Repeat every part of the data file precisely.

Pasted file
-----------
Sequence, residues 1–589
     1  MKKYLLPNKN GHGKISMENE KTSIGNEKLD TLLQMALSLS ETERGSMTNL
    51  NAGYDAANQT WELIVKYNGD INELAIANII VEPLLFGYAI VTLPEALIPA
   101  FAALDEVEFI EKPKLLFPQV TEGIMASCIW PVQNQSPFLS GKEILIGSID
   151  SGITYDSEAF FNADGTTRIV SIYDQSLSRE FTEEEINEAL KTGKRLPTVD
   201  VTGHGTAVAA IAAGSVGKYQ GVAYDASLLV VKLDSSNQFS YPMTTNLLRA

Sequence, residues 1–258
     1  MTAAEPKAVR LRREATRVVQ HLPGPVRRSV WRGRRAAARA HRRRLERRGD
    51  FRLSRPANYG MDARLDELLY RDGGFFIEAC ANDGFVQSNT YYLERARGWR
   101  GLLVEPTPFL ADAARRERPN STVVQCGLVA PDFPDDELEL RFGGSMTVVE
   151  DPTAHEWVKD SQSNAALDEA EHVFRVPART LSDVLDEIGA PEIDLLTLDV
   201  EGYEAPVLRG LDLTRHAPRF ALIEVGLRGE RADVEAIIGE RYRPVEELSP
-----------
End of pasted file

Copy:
Sequence, residues 1–589
     1  MKKYLLPNKN GHGKISMENE KTSIGNEKLD TLLQMALSLS ETERGSMTNL
    51  NAGYDAANQT WELIVKYNGD INELAIANII VEPLLFGYAI VTLPEALIPA
   101  FAALDEVEFI EKPKLLFPQV TEGIMASCIW PVQNQSPFLS GKEILIGSID
   151  SGITYDSEAF FNADGTTRIV SIYDQSLSRE FTEEEINEAL KTGKRLPTVD
   201  VTGHGTAVAA IAAGSVGKYQ GVAYDASLLV VKLDSSNQFS YPMTTNLLRA

Sequence, residues 1–258
     1  MTAAEPKAVR LRREATRVVQ HLPGPVRRSV WRGRRAAARA HRRRLERRGD
    51  FRLSRPANYG MDARLDELLY RDGGFFIEAC ANDGFVQSNT YYLERARGWR
   101  GLLVEPTPFL ADAARRERPN STVVQCGLVA PDFPDDELEL RFGGSMTVVE
   151  DPTAHEWVKD SQSNAALDEA EHVFRVPART LSDVLDEIGA PEIDLLTLDV
   201  EGYEAPVLRG LDLTRHAPRF ALIEVGLRGE RADVEAIIGE RYRPVEELSP